Tuesday, February 07, 2006

Burning Down the Clone Snowmen

I speak as though you could burn down the ornaments on the table. But we need ketchup as much as we need salt and pepper. And napkins!

Turn the philosopher kings to liquid and send them downstream.

Philosopher kings, like overturned buckets of rock salt and ice leftover from an attempt at making homemade ice cream, turned liquid.

Be careful about pouring that rock salt down the sink or ruining the homemade ice cream with it. Vanilla sucks when it's salty. Or don't be careful. To hell with the Clone Snowmen--just don't send them to the lowest bolgia of the Inferno where they would stay as fresh as Lucifer in his Sea of Ice.

Are you thinking Frosty whines too much in those Christmas cartoons?

But what if we could melt Plato's Clone Snowmen? Give Darth Vader fingerprints? What would our universe be without grim? Having melted, only your coal eyes and top hat remain?

Blow Out Your Candles


The hand with the lit match is beautiful, but as usual, the Clone Snowmen have replaced her. See how beautiful the hand is? I don't know if I should post this picture in black and white or color. You should feel the flame. The Clone Snowman replaced my Birthday Girl with a much less interesting creature in this odd Glass Menagerie.

For a second, I wanted you to think of the melancholy almost inherent to the work of Tennessee Williams--especially that line, "Blow out your candles." Then I don't want to think about Tennessee Williams. I want you to think about celebrity and film.

But then we're back to Tennessee Williams, who got it right: Hollywood stuck its projector through our collective imagination and directed us to worship at the altar of half-baked royalty, American style.

You see the Snowman in the picture? But he looks to be made of porcelain or metal. He's not melting though he might glow. Yes, yes, "Blow out your candles." This scene might turn to comedy.

Thursday, November 24, 2005

The Goodness of Pie

Everything had the same everything for an everything. Everything's only--if everything could be noun-ed. Yes, the same everything. Everything depended on the everything in which everything, particularly "thingy" was pro-noun-ed.

Only a momentary set-back. Everything gave way to everything else.

At this point, I began to put together a guest list, which lead to the question of geometry. Really, why geometry, you might ask. If you're asking, that is. The perfect circle.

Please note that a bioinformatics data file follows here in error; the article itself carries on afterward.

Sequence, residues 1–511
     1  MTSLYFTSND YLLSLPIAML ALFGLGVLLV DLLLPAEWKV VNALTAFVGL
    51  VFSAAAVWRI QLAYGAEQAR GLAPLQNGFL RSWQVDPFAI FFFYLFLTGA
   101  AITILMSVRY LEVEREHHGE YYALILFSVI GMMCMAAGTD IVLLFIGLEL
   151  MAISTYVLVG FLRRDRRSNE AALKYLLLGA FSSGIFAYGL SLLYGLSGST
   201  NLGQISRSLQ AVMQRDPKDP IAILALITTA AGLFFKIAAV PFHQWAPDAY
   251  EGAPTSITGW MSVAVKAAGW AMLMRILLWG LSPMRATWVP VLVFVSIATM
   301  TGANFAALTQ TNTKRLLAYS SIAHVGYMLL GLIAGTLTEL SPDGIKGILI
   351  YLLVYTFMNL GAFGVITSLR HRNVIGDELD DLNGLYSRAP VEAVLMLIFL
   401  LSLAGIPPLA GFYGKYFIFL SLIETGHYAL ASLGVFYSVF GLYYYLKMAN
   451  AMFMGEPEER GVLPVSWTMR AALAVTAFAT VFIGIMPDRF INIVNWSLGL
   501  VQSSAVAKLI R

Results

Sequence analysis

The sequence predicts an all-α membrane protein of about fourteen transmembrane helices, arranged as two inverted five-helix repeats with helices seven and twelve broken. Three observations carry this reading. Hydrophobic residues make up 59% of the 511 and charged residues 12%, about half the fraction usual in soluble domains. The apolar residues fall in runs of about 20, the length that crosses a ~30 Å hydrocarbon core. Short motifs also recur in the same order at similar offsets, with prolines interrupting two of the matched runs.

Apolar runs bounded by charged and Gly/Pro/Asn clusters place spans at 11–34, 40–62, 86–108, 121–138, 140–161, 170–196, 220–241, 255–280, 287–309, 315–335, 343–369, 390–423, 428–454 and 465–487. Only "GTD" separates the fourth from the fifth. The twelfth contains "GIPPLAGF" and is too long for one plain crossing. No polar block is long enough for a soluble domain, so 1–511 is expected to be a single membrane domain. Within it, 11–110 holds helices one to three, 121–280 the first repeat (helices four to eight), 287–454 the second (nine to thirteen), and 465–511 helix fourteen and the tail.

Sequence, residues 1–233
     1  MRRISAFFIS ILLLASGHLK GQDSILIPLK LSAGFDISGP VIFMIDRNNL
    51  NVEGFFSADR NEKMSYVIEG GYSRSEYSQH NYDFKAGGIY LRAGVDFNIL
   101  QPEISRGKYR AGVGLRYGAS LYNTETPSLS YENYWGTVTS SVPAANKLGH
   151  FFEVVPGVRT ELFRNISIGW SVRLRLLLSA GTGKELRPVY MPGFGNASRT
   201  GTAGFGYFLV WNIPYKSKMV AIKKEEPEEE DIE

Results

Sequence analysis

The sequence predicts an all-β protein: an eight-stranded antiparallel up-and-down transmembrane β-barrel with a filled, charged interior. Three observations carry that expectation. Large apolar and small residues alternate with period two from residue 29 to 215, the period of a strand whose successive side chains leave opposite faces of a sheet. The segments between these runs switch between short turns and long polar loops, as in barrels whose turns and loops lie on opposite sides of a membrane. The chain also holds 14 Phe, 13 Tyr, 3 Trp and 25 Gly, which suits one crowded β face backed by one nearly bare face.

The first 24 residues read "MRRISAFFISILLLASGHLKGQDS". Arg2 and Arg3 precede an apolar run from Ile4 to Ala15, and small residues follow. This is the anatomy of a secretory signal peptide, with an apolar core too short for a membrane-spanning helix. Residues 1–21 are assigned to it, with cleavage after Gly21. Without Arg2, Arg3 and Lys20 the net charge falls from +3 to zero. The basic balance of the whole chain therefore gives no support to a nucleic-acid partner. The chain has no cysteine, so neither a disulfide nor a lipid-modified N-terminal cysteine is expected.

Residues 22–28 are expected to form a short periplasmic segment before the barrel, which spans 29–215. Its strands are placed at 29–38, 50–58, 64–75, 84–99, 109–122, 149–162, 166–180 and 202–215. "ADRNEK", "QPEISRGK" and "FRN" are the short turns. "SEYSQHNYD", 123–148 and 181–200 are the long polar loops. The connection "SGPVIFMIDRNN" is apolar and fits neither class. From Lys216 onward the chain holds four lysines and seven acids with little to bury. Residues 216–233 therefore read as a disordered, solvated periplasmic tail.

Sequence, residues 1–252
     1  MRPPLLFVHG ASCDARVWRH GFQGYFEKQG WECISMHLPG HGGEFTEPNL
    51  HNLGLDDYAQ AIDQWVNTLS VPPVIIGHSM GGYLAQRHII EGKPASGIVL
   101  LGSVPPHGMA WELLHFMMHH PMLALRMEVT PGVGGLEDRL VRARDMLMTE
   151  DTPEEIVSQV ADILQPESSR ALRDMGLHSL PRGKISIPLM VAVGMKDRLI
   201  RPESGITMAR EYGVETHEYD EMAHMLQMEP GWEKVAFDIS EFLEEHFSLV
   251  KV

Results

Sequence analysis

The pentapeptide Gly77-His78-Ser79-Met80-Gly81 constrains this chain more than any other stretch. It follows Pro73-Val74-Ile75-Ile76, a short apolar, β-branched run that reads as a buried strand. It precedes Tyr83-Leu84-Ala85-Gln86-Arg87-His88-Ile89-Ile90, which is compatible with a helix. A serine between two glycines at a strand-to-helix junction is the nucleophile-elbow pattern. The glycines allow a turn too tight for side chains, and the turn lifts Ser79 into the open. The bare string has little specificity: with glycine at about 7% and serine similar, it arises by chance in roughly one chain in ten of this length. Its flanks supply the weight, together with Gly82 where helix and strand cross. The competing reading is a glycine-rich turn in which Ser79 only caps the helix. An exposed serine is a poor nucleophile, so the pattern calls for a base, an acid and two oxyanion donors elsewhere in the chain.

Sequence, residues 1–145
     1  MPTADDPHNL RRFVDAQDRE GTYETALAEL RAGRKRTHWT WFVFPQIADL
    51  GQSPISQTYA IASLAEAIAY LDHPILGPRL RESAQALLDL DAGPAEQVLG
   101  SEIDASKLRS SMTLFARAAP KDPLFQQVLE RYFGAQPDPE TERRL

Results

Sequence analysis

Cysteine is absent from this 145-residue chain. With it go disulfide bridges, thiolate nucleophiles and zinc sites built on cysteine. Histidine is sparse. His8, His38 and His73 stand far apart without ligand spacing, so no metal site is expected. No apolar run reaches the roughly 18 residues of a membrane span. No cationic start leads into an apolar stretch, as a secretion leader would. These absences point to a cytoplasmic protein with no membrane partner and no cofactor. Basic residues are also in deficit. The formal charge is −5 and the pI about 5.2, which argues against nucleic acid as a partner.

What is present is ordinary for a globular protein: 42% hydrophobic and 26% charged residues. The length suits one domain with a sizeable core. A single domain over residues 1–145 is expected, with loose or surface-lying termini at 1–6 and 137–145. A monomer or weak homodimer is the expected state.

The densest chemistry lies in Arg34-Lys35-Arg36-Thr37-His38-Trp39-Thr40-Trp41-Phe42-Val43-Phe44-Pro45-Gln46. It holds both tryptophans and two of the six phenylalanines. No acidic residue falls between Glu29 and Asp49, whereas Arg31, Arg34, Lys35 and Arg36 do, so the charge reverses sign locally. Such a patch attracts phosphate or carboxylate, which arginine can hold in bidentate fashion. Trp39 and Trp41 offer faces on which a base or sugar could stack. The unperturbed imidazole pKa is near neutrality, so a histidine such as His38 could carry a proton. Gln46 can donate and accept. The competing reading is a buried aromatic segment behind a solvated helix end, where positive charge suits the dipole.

No, you might say. But this way was the way to the fish fry. I am not thinking about fish, but about her pie. In what universe might pi (pie) be one rather than three something, some irrational number? When does the mathematically irrational become rational? Hmmm. Her pie.

The picture. Yes, mother.

Time to Stop

Time to stop.

Time stop.

The question was time. Whether it was a relationship, a condition we made up for understanding ourselves or a condition independent of us. Hard to say.

Time was when there was dinner. Someone needed to tell her how good her pie was. And it was good pie. Delicious. But pie is usually dessert--at least in this neighborhood. Sure, there's meat pie, pizza pie, but I'm thinking apple, peach, pecan, even chocolate. I was talking about dinner.

But there was another problem. When the guests arrived, they had neither lived nor died. Indeed, their existence was odd. Was time a mode of existence to them? I had to ask being as I am a philosophical kind of person. Other people might say different. But time. Here it was. A picture.

Sure, you might say I have taken an obvious and easy way out here. Circuits around the sun? What about radioactive decay? Atomic clocks? But I don't have a picture. I do, however, have a picture of pie, a pie made of words. Eat these words. I would have to ask these guests about family. I don't even know that they need something to eat.